Lara Almarceguis’ practice has seen her draw attention to the those spaces often ignored both by accident and by intention. For the Venice Biennale 2013 Almarcegui has created works that occupy two sites. One is in the Spanish Pavilion whilst the second part is on the island of Murano. Here is text from the Press Release that outlines the works Almarcegui has installed and presented for this years Biennale.
Lara Almarcegui will represent Spain at the 55th International Art Exhibition–la Biennale di Venezia with an installation in the Spanish Pavilion, which includes a research project on the island of Sacca San Mattia in Murano.
According to the Spanish curator Octavio Zava, “Almarcegui has been working at the boundary between urban regeneration and decay, and devising exhibition projects that render visible what escapes our attention and even our awareness. Since the mid-1990s, she has been researching and studying the transitional spaces where the urban and the natural orders meet: the processes of urban planning and transformation of the peripheral wastelands of the cities brought on by economic, social, or political interests and changes. At the same time, she has been analysing urban and architectural landmarks and features that we hardly notice or upon which we rarely, if ever, focus our consideration. Operating as an archeologist of the present conducting field research, Almarcegui documents her investigations by way of guides, maps, and brochures, in an effort to concentrate on marginal elements or areas within the complexity of our urban reality, revealing the connections that inform us about the relationship between our past and our future. Likewise, in deconstructing buildings and other landmarks and constructions, Almarcegui unravels our understanding of inhabiting, by showing the inarticulate, bare materials of which the buildings are made, or uncovering the products of recycling that they use and that they themselves, in turn, end up becoming, to get us closer to the inherently entropic nature of civilization. Ultimately, these works connect the outdoors with the indoors, and the inside with its awareness of itself, in a dialectical process of knowledge.”
The artwork of Lara Almarcegui (Zaragoza, 1972) stems from a heightened awareness of the city, using its wastelands and buildings to reflect on the evolution of the urbis itself and the elements that comprise it. With engaged projects such as her guides to modern ruins and urban wastelands or her rubble mountains, Almarcegui has taken her practice to capital cities like London, Beirut and Vienna and has participated in major international contemporary art events such as Manifesta 9 (2012) and the São Paulo Biennial (2006).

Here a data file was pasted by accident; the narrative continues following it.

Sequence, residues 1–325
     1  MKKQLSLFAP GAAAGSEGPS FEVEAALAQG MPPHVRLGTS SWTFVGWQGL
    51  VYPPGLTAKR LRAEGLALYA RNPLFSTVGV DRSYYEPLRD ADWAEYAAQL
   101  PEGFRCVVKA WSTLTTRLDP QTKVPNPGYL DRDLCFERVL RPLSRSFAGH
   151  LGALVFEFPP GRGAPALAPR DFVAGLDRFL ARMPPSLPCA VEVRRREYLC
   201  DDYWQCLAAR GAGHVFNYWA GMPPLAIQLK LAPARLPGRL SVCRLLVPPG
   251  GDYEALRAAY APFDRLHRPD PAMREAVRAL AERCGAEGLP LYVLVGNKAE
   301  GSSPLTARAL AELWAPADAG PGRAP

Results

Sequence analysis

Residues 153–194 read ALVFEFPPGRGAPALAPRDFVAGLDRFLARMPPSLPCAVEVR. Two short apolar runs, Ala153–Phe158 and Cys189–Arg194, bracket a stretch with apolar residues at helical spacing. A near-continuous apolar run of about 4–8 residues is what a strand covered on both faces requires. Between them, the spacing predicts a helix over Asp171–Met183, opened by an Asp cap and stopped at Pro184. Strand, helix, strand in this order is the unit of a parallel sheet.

Under the curatorial guidance of Octavio Zaya, Almarcegui will bring two related projects to the 55th International Art Exhibition–la Biennale di Venezia—that continue in the same line as her previous works. One tackles the physical space of the Spanish Pavilion in the Giardini, while the other explores an empty plot of land beside the island of Murano.
In the pavilion, a large sculpture installation interacts with the architecture of the building constructed by Javier de Luque in 1922, occupying the entire interior. Construction Materials of the Spanish Pavilion consists of mounds of different construction materials, of the same type and quantity used by workers to construct this very building in the early 20th century. The installation revolves around a huge mountain of cement rubble, roofing tiles and bricks smashed to gravel which occupies the central room, making it virtually impossible to enter this space directly. Other lesser mounds, each of a different material (sawdust, glass and a blend of iron slag and ashes), will be located in the side rooms, which visitors will be able to walk through and so circle around the large central mound.
Meanwhile, in Murano Almarcegui has also devised A Guide to Sacca San Mattia, the Abandoned Island of Murano, Venice, a research project that focuses on the Sacca San Mattia, an artificial island formed by the waste deposits of Murano’s glassmaking industry. The project is actually a study of an empty plot on that island, how it was formed, the site’s current geological and environmental conditions, the projects that have been planned for this plot and the reasons why none have come to fruition.
The artist has remarked, “I’m interested in wastelands as spaces that don’t fit in any city planning design. These spaces are important in and of themselves”, and she adds, “I feel very comfortable in them. They give me a lovely sensation of freedom.” The artist reveals the significance of these spaces’ existence in the city, as architectural remnants of its past but also as the potentiality of what empty spaces can become. In a recent statement Lara explained, “I try to say something rather than just present an image. It’s my way of ‘demolishing’ any idealised conception of the space. If I present a building as 100 tons of concrete, 30 tons of steel and 10 tons of brick, I’m reducing it to its crude, physical reality. Plus, revealing the ‘ingredients’ of a building allows us to imagine what a place looked like before it was built and what it will look like after it’s demolished at some future point.”